How Georgina Langdale Created Archeus

In a region teeming with artisan food and winemakers, creative locals are also using nature’s ingredients in beauty products

Georgina Langdale. Picture / Supplied.

When Georgina Langdale was living in London, she says, she sometimes felt so disconnected from nature she would “pay anything in a shop in Covent Garden to buy a product to put on my skin for that natural feeling”.
Now she gets that feeling on her lifestyle block outside Napier and is fielding interest from Britain about her products. Having moved overseas in the mid-80s, the idea to return to where she grew up took years to fully form. She now has no regrets about coming home and starting a new career.

While based in Germany, working for the United Nations in global communications for a major eco-conservation study, she started thinking about what to do next. A business with eco-consciousness at its heart was the answer and: “I thought why not in New Zealand?”

In December 2013, Georgina launched Archeus, drawing on her long-standing interest in herbal medicines and aromatherapy and a natural cosmetic formulation course she had taken as a “private passion”. After experimenting with her own formulas she was ready with a home apothecary set up on the 2ha block she and her partner bought at Poraiti, looking over the Ahuriri estuary to Napier. “It’s a stunning setting and I think it makes a difference to the end product.”

The early days were challenging, at a time when she was grappling with her mother’s ill health and death. From the start, she was determined to give back and contribute a portion of sales to native tree restoration. Georgina also runs workshops, inspired by the idea of traditional herbal healers handing on skills. “It’s about showing that plants living all around us are some of the most effective at healing.” Around half of those at the workshops are from outside Hawke’s Bay. “Women from Auckland come down for a weekend, go to a winery and want to do something just for themselves.”

Bespoke skincare is another side of the business, with Georgina providing consultations and prescriptions. She was asked to make a healing ointment for a tattooist, leading to the development of an oil for the Two Hands parlour in Auckland. Vital Ink Tattoo Conditioning Oil was recognised in the “True” Beauty Awards in the UK and she was a Sustainable Business Network finalist here, before Archeus had even begun seriously retailing. That is the next step for Georgina, who sells mainly online.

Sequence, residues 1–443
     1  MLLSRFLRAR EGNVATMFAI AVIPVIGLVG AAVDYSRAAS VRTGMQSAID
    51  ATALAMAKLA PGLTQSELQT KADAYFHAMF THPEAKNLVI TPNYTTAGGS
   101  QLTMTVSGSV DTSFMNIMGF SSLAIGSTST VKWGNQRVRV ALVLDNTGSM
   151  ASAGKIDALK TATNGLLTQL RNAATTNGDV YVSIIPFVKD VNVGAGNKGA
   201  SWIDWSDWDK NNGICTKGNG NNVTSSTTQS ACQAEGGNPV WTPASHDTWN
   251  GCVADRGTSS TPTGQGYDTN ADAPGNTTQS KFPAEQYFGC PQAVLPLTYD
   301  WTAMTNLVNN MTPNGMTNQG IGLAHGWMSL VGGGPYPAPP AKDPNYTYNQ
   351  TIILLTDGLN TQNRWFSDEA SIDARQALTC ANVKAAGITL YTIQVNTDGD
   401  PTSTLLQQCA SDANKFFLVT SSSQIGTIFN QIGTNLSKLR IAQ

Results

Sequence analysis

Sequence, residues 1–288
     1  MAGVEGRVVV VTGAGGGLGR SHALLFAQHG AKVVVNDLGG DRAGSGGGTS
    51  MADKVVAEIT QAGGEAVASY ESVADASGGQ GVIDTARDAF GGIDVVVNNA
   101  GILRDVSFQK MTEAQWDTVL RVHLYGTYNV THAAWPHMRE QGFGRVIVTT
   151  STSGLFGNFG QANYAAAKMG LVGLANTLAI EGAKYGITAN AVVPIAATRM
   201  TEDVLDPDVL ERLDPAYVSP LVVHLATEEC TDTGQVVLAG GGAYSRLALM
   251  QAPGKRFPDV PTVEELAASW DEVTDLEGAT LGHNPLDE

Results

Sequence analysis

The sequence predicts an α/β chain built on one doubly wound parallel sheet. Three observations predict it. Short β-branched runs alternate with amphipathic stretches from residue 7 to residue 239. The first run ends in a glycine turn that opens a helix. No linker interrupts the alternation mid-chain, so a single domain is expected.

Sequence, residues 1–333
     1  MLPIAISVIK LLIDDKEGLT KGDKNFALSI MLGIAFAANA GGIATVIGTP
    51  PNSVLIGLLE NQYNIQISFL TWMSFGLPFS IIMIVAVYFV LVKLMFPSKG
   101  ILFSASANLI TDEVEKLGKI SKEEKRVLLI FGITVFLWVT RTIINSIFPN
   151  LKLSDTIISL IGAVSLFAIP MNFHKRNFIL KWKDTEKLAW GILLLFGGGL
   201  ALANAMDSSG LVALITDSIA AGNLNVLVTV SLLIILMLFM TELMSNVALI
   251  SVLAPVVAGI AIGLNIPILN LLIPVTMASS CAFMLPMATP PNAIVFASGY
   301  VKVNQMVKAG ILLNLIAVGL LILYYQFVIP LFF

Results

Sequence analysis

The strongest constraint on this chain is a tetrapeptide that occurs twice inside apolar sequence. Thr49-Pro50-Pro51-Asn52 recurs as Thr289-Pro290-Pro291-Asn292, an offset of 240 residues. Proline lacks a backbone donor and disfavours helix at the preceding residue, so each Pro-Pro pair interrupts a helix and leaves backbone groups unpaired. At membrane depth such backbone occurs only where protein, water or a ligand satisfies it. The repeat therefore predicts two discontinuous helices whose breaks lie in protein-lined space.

Bigger premises are also being considered, although she will keep doing research and development at home. At 48, Georgina says she is in it for the long haul, but wants to keep a sense of scale. “It’s a fabulous time at the moment, the way technology and social media is going, it’s allowed a real renaissance of artisan craftsmanship.”

Archeus; Casa Lavanda; Real World; Living Naturally. Pictures / Supplied.

• The lavender fields at Casa Lavanda were once open to the public, but for some years now the owners of the Mangatahi property, west of Hastings, have eschewed tourism in favour of focusing on their skincare business. Their own lavender essential oil is at the heart of spa-style products for hand, body and hair. The range is suitable for sensitive skin and is sold locally and further afield, visit

• Nicola Mossman believes every pair of hands tells a story and she wasn’t happy with hers. The busy mother of four reckoned domestic duties were taking their toll and her hand wash, lotions and dishwashing liquid should be gentler. She set out about concocting appealing fragrances and had sulphate and paraben-free products made in Hastings. The new business sells under the Real World label and includes local ingredients, such as lavender and clary sage, alongside fragrant mixes such as coconut and lemongrass. Cadeaux, in Havelock North where Mossman lives, stocks the handcare range. There has been interest already from several Auckland stores, and talk of expanding the range. Visit

• When Tina Hume started making skincare she named it after the Irish Gaelic word for natural, but this proved a bit tricky for most people to say so she switched to calling her cottage industry business Living Naturally. It sums up her approach nicely, selling at local markets, to a few local stores and online. She sources locally where she can and uses essential oil fragrances, such as rose in her moisturiser, which also includes calming calendula and plant oils. From Coco & Co, Hastings, The Department of Curiosities and Fine Things, Napier, and

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